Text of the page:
The Sony Betas required regular maintenance back in the day, and they don't like being left sitting unused for years on end. They are not as easy service as VHS decks, so a lot of the remaining chop shops won't accept them for repair.
Early on I was disappointed by the mediocre recording quality of VHS, and added a BetaMax. I loved my Sony SL-5800, it remains my benchmark for luxurious feel in consumer electronics, but I sold it in 1985 to pay for the first BetaHifi model SL-5200. That monster broke down so often I finally got tired of repair costs and just left the screws out of the cover, because I had to pop the hood to nudge the gear train every time I needed to rewind or eject a tape. When VHS HiFi became affordable I shifted to VHS 100% and never looked back.
Until 2006, when I needed another BetaMax to dub my remaining Beta tapes to DVD. I picked up a nice clean SL-HF500 on eBay for $150 and used it to digitize a couple dozen tapes, then got distracted by my primary VHS project and forgot about the Betas. I recently went back to transferring the Betas, but after firing up the SL-HF500 it got thru only three tapes before the transport loading arm froze solid (I had to disassemble the thing to remove the tape). The SL-HF500 weighs a ton, and I really didn't want to drag it around or ship it for repairs. When I checked eBay, all the BetaMax listings were either "as-is," "cut AC cord" and other nonsense, or priced out of this world with no warranty. So I ended up paying WAY more than I wanted to spend for a SuperBetaHiFi sold by a retired Sony tech who has the entire suite of alignment and diagnostic tools in his basement. I figured it was worth the upfront $$$ hit to get a professionally overhauled Beta that would plow thru my 100 remaining Beta tapes without dying on me.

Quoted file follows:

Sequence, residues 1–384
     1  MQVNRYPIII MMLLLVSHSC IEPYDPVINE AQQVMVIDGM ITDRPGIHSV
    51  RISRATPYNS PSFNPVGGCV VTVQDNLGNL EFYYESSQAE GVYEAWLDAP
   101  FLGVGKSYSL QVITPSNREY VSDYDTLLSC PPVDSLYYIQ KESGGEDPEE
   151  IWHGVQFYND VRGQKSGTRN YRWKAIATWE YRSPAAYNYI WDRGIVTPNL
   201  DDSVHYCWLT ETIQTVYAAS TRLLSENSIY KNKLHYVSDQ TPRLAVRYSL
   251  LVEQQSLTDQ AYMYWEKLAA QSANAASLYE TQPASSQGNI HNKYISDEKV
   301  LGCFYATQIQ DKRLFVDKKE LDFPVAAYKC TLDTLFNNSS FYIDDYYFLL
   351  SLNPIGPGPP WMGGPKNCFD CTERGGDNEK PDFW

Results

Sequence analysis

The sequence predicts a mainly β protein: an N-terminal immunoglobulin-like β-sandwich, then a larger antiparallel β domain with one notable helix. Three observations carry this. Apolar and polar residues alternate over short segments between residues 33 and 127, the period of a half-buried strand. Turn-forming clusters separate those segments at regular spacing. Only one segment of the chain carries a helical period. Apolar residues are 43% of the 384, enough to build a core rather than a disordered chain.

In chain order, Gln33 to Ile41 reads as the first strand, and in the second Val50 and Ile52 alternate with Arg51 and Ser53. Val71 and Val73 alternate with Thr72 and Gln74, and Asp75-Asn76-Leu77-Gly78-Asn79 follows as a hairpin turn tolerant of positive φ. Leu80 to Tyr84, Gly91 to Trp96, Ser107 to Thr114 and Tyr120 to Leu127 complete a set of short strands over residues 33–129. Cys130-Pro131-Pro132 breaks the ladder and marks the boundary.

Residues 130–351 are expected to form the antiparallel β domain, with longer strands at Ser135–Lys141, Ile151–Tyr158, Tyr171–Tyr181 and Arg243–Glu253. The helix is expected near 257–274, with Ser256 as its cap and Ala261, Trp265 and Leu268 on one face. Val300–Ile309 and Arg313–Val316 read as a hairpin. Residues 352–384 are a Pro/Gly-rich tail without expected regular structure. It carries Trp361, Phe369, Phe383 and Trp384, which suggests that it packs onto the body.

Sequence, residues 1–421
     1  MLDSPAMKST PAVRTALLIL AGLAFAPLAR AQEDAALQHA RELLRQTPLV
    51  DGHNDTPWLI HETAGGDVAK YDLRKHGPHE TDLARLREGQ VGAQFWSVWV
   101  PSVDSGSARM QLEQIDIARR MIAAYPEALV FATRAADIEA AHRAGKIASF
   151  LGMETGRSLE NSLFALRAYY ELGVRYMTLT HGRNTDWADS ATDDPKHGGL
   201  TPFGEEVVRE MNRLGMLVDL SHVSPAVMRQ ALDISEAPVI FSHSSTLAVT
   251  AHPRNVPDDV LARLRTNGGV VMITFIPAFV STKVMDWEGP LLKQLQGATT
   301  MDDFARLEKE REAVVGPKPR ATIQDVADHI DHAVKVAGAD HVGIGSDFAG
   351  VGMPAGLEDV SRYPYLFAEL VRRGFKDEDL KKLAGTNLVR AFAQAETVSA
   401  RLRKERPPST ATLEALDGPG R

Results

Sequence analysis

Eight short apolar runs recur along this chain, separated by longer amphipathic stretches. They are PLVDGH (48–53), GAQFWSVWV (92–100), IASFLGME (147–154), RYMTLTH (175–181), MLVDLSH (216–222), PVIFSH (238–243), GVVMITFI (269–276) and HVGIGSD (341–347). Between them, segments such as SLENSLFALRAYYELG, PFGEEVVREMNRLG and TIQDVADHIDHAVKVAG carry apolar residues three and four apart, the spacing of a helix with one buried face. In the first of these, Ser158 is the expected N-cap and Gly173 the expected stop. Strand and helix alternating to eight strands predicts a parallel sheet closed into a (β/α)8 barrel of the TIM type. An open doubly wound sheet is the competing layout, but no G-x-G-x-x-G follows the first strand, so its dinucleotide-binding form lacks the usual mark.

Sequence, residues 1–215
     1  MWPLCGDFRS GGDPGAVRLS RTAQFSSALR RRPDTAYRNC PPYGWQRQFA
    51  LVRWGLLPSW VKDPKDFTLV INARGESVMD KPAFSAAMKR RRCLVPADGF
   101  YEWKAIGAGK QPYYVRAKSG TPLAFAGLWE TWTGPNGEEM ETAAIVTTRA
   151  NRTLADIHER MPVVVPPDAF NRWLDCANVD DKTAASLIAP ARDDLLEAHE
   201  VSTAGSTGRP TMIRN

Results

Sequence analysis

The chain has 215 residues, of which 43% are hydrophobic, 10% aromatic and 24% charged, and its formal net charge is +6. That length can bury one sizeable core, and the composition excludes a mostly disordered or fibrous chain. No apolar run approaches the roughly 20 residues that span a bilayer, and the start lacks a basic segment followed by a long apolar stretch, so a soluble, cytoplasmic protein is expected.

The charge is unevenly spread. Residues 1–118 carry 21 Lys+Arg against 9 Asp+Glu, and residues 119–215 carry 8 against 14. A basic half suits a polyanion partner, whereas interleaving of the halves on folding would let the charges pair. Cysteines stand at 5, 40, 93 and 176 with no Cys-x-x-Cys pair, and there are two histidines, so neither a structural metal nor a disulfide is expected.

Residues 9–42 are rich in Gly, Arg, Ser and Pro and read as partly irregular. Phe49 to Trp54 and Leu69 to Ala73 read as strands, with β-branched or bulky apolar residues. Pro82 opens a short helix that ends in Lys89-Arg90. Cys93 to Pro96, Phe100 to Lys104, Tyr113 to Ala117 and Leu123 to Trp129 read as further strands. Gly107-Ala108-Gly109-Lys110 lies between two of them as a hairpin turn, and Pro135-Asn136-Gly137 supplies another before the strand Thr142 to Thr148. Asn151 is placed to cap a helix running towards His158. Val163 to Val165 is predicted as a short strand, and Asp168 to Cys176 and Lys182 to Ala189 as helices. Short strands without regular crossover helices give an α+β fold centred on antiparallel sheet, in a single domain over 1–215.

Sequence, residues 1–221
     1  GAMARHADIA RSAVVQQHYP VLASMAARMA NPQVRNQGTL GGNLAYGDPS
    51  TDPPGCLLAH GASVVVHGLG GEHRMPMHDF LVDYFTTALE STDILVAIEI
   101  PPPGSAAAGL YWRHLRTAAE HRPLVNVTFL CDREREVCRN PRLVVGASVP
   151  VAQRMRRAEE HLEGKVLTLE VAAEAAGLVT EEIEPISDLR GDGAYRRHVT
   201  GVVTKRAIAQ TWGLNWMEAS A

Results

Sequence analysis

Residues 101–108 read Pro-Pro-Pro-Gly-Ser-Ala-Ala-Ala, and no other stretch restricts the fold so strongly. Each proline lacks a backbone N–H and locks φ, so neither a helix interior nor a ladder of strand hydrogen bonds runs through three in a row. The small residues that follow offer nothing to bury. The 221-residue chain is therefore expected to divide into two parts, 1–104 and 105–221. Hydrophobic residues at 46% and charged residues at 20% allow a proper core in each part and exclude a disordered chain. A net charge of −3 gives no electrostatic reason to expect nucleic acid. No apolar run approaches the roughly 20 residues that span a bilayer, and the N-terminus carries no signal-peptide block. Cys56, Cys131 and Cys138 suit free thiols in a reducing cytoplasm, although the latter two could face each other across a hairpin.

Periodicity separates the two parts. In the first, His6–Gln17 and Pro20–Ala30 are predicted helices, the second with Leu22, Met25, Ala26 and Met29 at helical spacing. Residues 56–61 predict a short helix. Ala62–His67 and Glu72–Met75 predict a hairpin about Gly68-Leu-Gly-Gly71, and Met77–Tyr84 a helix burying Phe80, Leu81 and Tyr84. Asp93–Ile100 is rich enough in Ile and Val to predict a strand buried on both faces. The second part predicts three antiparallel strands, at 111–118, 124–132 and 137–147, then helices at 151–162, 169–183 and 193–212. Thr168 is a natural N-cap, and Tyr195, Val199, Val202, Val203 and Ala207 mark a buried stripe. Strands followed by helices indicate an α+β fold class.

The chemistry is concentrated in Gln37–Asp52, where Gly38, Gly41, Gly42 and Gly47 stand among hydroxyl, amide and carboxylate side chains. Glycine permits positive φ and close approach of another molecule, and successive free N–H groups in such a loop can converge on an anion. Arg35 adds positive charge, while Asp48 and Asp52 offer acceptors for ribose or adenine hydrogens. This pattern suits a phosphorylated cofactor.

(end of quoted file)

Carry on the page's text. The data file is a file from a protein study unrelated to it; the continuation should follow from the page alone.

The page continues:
There are some good deals on used BetaMaxes, and its true you can probably get a better price on Craigs List than eBay. Just be aware the "affordable" Betas didn't quite make it to the modern bulletproof VCR era like VHS did: the very last truly-modern Betas were all ultra-luxe megabuck collector models that rarely pop up cheaply. The normal midrange consumer Betas that are commonly available typically date back to 1988 or earlier: they are a bit prehistoric in construction with many little things that can go bad. You can pay $79 for one that seems to work perfectly, and a week later it will lock up because of a blown capacitor in the loading circuit or capstan control board. Most of these have sat collecting dust for a decade or more, so a few days after power is re-applied the circuits start to blow from the stress and problems arise (it doesn't help that many of the most popular Betas run very hot).
If you need a BetaMax today, shop carefully, and consider buying an overhauled unit directly from a tech. Repairing a "bargain" that breaks can be difficult or costly. Unlike VHS, there are no Betas you can easily find for $15 mint at a thrift shop that will work flawlessly for the next ten years. Good used VHS vcrs are plentiful, durable, yet disposable and easily replaced. But Beta is an investment.